You Are Here
Faith In Action: Families Help at a Food Bank - Long-term
Activity time: 10 minutes
Preparation for Activity
- Identify a food bank, the kitchen of a homeless shelter, a food recovery program, or another organization or service in your area that welcomes families, including young children, to assist in their work. Find out which projects need volunteers and what the volunteers do, including where and when.
- Talk to the children's parents and your director of religious education to gauge interest in and availability to participate in the service project(s) you have identified.
- Prepare your religious education program's standard permission slip for off-site activities.
Description of Activity
Food on the table is as much a blessing as the company being shared. Some people struggle to provide meals for their families. Children and their families could spend time helping to prepare and serve a meal at a shelter. However, it is not just the homeless that have food struggles. The working poor have them also, and to help this population many communities have food banks or food recovery services.
You may need to do some research to find these agencies. Members of your Justice or Social Action Committee might be able to help.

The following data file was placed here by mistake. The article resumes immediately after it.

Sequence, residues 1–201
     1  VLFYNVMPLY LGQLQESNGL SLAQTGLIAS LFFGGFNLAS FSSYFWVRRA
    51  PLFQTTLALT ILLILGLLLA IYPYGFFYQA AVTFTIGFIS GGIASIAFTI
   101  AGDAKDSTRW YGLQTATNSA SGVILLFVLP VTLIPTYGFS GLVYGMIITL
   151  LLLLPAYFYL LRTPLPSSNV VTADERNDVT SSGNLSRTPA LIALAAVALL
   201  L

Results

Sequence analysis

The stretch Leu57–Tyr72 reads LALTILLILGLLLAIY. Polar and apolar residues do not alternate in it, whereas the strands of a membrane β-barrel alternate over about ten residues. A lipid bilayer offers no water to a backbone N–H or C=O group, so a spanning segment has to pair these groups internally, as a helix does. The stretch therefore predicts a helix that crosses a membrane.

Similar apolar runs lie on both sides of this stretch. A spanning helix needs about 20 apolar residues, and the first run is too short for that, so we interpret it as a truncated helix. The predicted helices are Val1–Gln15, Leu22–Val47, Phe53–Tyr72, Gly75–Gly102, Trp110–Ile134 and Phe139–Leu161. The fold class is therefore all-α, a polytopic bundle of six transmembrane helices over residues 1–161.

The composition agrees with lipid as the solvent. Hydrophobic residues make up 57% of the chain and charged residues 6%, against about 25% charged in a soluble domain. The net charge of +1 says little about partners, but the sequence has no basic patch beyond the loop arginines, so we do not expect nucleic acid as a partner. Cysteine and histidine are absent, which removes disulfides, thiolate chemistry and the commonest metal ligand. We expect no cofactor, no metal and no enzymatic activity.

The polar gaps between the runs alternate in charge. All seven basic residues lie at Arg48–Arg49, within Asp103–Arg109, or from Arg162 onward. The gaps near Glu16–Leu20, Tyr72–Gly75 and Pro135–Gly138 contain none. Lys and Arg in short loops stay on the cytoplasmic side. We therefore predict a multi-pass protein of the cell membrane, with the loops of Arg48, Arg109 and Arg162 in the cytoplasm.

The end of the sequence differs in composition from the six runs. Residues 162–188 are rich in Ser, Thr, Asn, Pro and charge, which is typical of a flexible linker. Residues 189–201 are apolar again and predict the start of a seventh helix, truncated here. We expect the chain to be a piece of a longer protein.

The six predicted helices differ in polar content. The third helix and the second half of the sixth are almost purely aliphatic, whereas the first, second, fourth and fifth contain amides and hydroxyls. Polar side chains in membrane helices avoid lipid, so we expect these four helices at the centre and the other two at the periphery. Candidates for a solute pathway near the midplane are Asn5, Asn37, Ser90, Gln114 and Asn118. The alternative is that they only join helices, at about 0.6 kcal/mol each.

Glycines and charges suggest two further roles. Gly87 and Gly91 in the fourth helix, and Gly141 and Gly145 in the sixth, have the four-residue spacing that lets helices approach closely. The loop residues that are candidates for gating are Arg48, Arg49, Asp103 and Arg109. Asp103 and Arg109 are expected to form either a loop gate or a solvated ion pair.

Once you have the name of an agency, call and ask how the children and their families can help. May they stack cans in a food pantry? May they help fill grocery bags for pick-up? If you pick a food recovery agency, you might visit a restaurant or food store near your congregation and recruit them to become part of the food recovery network.
When you introduce this Faith in Action activity to the children, you may like to ask others in your congregation who have volunteered with the same agency or done a similar service project to present it with you. When you present the plan, remind children that the "thank you" a grace signifies before a meal includes the food itself as well as the company of the people we'll share it with, and the other comforts and joys for which we are grateful.
Whatever project you do, try to arrange for the children to tour the facilities and hear from an agency or service worker about why their work is important and what children can do to help eradicate hunger.